Summary

In Much Ado About Nothing, Shakespeare created one of the greatest verbal sparring matches in all of literature, echoes of which can be heard in the sophisticated dialogue of such late masters as George Bernard Shaw, Oscar Wilde, and Noel Coward. Throughout the play, the proud would-be lovers, Beatrice and Benedick, circle each other warily, and as they draw closer and closer to their inevitable union, their scathing witticisms and sly innuendoes reach a feverish intensity that befits the passionate longing they both vainly seek to deny. Much Ado About Nothing is at once a sobering examination of dishonesty and deception, and a boisterous celebration of that overwhelming natural phenomenon we call love.
©1964, 1996 HarperCollinsPublishers
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Customer Reviews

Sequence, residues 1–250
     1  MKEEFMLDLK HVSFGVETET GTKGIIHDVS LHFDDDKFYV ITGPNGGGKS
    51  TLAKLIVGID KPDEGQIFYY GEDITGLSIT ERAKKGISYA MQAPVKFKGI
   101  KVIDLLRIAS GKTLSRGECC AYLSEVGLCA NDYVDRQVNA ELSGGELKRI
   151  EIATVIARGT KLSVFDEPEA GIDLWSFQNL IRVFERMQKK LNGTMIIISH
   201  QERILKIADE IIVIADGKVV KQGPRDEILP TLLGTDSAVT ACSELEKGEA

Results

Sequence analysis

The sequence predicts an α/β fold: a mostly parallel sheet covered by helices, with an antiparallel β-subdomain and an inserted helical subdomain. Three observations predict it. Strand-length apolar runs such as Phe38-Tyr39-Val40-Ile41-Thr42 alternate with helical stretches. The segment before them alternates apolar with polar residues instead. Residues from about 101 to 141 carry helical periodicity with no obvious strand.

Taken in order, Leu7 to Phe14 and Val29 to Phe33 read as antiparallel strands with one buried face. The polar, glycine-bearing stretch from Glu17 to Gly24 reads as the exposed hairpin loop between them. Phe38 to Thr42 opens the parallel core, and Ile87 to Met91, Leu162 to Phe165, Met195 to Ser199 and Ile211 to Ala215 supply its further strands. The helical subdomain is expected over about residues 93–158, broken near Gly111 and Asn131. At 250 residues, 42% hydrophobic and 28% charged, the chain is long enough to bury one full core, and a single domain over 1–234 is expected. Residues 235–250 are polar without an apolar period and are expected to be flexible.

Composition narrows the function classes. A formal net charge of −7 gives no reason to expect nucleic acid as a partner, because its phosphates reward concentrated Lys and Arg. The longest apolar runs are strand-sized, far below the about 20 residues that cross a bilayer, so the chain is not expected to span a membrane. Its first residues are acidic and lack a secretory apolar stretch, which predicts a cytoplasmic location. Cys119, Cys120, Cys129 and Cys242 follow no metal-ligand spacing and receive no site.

Most Helpful
3 out of 5 stars
By Philip on 13-03-10

full and worthy

This is a 'vintage' recording- 60s or 70s, back when playing Shakespeare was a very serious buisness...

It's very servicable. Full text, good music but rather lacking in charecterisation, lightness and charm.

The BBC version and this sit well side-by-side, the BBC one is quite abridged and tidied up but otherwise superb- a good introduction.
This one gives you all of Shakespeare, a useful 'document'- but might be dull and offputting if this was your first experience of the play.

There is one one funny moment- Beatrice is railing on and Benedick is doing some impromptu interjecting and squeaks 'well- I mean-' in a rather unshakespearian tone- I'm afraid that's as close as this production gets to naturalism.

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Customer Reviews

Most Helpful
4 out of 5 stars
By Jeremy on 11-04-16

Good performance, but hard to hear

It is nice that there is background noise to the seems however it does become difficult to hear at times. Overall the characters were great and enthusiastic.

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1 of 1 people found this review helpful

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